If a banknote is irradiated with light, which includes parts of the infrared portion of the spectrum, in the portions printed with ink which is translucent in respect of infrared light, and if only the infrared portions of the remitted light reaching the photodiode are filtered, the signals received will be essentially free from the modulation normally produced by the print pattern in visible light. If the measuring tracks are skillfully selected, the testing level can be contained within a narrow scattering range when divergency from the track occurs, this being also true when such divergency occurs with the same amount of wear of soiling but with different print patterns, as may often be the case. Since the print pattern is eliminated, the testing track may also lead from the unprinted area of a banknote into the printed area, and this means that a high degree of flexibility in respect of the selection of the testing tracks of different banknotes is possible.
Testing within the invisible range of the spectrum is not exclusively limited to the infrared range. Printing inks which are translucent in other ranges of the invisible spectrum may naturally also be used for the purpose of examination and are within the scope of the invention.
The invention will now be described in more detail by way of an embodiment example and with reference to the drawing, in which:
FIG. 1 shows the schematised division of the surface of a banknote into print areas which are permeable and impermeable in respect of infrared light; and
FIG. 2 shows the simplest embodiment of a means for testing banknotes in accordance with FIG. 1.
FIG. 1 shows a banknote 1 with a printed pattern arranged such that a narrow margin remains unprinted. It is assumed that the cross-hatched areas 2 within the print pattern, which are randomly selected in this example, are printed with inks which are not translucent in respect of infrared light. A print pattern with printing inks which are translucent in respect of infrared light is situated in the remaining surface areas 3 (illustrated with slanted shading). A randomly selected testing track 4 runs through printed portions of the note which are alternately printed with inks which are translucent and not translucent, respectively, in respect of infrared light. In accordance with the invention the areas marked B1, B2 and B3 are essentially suitable for examining the degree of wear or soiling. It is, however, sufficient to use only one of these areas, e.g. B2, for the purpose of carrying out the test.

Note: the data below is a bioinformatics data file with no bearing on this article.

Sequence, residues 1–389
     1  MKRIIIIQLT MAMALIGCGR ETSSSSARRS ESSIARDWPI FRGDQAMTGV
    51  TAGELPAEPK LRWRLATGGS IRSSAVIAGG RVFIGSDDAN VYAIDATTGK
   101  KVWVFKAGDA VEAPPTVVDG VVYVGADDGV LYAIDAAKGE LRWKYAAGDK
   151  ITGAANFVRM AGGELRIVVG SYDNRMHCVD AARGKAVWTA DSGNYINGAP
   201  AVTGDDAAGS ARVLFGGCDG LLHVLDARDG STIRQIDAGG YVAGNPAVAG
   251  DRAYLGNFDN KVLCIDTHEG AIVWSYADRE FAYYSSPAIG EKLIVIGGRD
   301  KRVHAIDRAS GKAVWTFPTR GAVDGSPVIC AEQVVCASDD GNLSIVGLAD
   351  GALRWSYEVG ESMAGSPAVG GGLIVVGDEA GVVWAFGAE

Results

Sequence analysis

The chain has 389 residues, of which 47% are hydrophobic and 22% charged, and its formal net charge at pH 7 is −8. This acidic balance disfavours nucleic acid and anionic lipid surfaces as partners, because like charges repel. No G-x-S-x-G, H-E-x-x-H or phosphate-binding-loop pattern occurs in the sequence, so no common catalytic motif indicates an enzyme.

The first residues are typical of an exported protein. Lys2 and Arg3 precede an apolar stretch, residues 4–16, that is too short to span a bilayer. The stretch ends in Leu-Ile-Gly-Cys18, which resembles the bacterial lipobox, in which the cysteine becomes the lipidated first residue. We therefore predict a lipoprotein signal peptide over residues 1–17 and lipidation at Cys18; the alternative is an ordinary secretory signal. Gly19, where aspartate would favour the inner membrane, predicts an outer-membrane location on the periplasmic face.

The examination is, however, also possible along the other areas B1 and B3 although the testing track partly runs through the completely unprinted portion of the banknote. Even if the testing means sometimes fails to scan a preset testing track exactly, due for instance to mechanical shortcomings of the instrument, the scattering of the measured results can nevertheless be contained within a narrow degree of tolerance because the influence of the print pattern, which may vary extensively from portion to portion, is eliminated and is generally evenly distributed in the soiled portions within large surface areas.
FIG. 2 shows an example of a testing means which can be used in the practical application of the inventive method.
The banknote 1 running in the direction of the arrow 6 past the testing means 7 is irradiated with light in the region of the testing track by means of two tungsten lamps 8. Apart from the visible range of the spectrum the irradiated light also contains a large amount of infrared light. The light remitted by the banknote under examination passes through a stop 9 on to a lens arrangement 12. A filter 10 is disposed in the path of the rays of the optical system. This filter permits only the infrared portion of the remitted light to be transmitted to a photodiode 15 which in the known manner converts the illumination variations caused by soiled or worn areas of a note into corresponding signals which can be evaluated electronically. The measured signal, which is modulated dependent on the amount of soiling, is added up along the scanned portion, and the sum values are compared with a desired value after the measuring track has run through.
FIG. 2 shows the possibility for decoupling the amount of infrared light on the receiving side only. It is naturally also possible, depending on the particular application in question, to irradiate the testing area with infrared light only, using ordinary commercial infrared light-emitting diodes. In so doing the filter may be retained in order to compensate the influence of extraneous light.
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|U.S. Classification||356/51, 356/71|
|International Classification||G07D7/20, G01N21/892, G07D7/00, G01N21/89, G07D7/12|
|Cooperative Classification||G07D7/12, G07D7/121, G07D7/20|
|European Classification||G07D7/20, G07D7/12, G07D7/12B|
|Aug 20, 1990||FPAY||Fee payment|
Year of fee payment: 4
|Sep 16, 1994||FPAY||Fee payment|
Year of fee payment: 8
|Jul 22, 1998||FPAY||Fee payment|
Year of fee payment: 12